Many expats who live in Dalat choose to walk or take taxis rather than drive, and it makes sense. This city of nearly half a million has not a single stoplight or stop sign. Aside from a few traffic circles, the rules of right-of-way are more by mutual agreement than law, and everyone shares the same goal of avoiding accidents.
Larry leaves it to the experts. “I have my own driver. He drives a taxi, but he comes and gets me when he’s available and takes me where I want to go. If I need him for a full day, I pay him $43. When I take a vacation to Phan Rang—a beach town on the south-central coast about 65 miles from Dalat—I’ll pay him $108 for the entire weekend, which includes his gas, lodging, food, and all expenses. It would be a six-hour bus trip, but it’s only three hours when he drives.
“On an average month, I’ll spend $80 to $100 on transportation. It just depends how much I travel and whether I’m walking a lot or not, but I’m going somewhere almost every day. I enjoy traveling and I’ll go to a new location within Vietnam every month or two.”
It feels like I’ve come to heaven.
Since the conversation has turned to costs, I ask Larry about his monthly budget. “The cost of living was a huge factor,” he explains. “I’ve found that I’m able to live well on my Social Security alone. Things are so reasonable here. My monthly budget, with travel and everything, is $800 to $1,000 per month and I don’t hurt for anything; I have everything that I want and need.”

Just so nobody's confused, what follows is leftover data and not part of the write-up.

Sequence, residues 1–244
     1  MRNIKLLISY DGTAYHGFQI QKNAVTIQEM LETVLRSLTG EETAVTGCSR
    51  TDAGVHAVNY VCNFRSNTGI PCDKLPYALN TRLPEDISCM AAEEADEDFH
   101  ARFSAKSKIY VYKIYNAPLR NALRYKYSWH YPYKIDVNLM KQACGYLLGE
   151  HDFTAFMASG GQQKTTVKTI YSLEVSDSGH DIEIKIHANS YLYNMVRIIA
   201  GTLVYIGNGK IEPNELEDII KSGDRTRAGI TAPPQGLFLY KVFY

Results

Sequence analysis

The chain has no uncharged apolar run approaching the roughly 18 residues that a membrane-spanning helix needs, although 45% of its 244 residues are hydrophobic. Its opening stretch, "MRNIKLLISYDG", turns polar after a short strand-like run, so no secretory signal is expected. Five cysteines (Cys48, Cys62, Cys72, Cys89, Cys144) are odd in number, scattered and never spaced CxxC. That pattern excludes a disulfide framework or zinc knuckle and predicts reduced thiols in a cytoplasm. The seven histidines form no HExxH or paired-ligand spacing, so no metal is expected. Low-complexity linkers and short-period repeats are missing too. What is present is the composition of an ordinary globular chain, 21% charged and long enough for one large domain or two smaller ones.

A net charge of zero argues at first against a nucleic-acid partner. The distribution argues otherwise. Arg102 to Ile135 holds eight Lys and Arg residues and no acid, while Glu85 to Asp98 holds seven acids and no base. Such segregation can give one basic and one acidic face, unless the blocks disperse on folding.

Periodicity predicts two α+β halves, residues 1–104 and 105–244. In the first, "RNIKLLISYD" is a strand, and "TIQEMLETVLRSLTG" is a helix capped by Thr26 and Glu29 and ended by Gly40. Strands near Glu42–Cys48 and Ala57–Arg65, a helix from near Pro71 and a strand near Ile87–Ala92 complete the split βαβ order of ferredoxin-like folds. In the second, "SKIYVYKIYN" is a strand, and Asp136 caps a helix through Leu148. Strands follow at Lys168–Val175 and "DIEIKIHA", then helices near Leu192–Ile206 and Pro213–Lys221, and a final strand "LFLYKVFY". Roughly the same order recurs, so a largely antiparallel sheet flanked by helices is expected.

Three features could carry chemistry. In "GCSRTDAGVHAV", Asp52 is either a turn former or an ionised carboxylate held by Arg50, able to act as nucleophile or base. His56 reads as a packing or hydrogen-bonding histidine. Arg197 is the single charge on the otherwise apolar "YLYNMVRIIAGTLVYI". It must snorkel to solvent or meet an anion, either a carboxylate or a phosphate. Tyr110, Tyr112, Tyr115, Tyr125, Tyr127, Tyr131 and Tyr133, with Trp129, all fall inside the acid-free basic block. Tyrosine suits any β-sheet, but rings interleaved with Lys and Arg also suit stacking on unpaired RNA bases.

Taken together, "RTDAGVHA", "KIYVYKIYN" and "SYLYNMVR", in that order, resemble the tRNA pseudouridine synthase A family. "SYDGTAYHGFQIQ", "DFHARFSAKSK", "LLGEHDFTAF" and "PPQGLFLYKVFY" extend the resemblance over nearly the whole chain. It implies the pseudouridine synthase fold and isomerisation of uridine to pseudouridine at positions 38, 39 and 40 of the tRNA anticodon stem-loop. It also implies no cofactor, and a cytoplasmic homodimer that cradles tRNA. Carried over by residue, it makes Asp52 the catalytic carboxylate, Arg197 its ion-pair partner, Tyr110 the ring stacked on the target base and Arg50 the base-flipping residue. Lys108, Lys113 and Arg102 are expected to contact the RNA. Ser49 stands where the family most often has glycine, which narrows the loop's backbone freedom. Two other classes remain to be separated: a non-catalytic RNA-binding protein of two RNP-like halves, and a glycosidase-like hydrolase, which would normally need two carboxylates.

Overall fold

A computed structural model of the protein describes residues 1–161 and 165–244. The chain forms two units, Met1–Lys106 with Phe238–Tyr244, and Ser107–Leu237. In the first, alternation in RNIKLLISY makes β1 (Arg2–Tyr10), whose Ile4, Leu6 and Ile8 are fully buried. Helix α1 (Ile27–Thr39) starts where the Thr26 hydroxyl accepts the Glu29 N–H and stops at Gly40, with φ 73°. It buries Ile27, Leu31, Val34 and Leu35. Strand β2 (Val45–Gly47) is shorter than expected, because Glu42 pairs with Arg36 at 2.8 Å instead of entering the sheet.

Rents, in particular, are extraordinarily low. Larry leases the second floor of a big villa. “It was originally a two-bedroom, two-bath apartment, but I remodeled it to make one of the rooms into a living and dining room,” he says. “It has one large balcony with plenty of patio furniture and an almost full, 360-degree view of the mountains.
“I’ll usually wake up at 5:30 a.m. to watch the sunrise. I grow flowers, lettuce, and broccoli—my landlord plants all of it for me. The kl apartment has a huge bedroom and an expansive view of the mountains and flowers. It’s about 1,100 square feet, and the rent includes electric, cable TV, internet, water, garbage—everything. It came mostly furnished, but I bought a La-Z-Boy recliner, a flat-screen TV, a rocking chair, and a sofa. I couldn’t be happier or more comfortable—and it’s only $303 per month. A place like this in Fort Worth would cost a minimum of $1,200 to $1,400 per month.”
Vietnam’s best medical care is in its major cities, and everyone I’ve spoken with in town has said that they avoid the Dalat hospitals if possible. Using his TravelEx health insurance, which costs him about $115 per month, Larry travels to Ho Chi Minh City to have his hypertension treated. I had the occasion to check out the general hospital a couple of years ago, and agree that the quality of care and facilities are immeasurably better in the larger cities. However, expats I’ve spoken with who have had local dental care describe that as being perfectly fine.
Larry says that moving to Dalat was the right decision. “When I sit on my patio and have a cool drink, it feels like I’ve come to heaven. I expect that this will be home for the rest of my life.”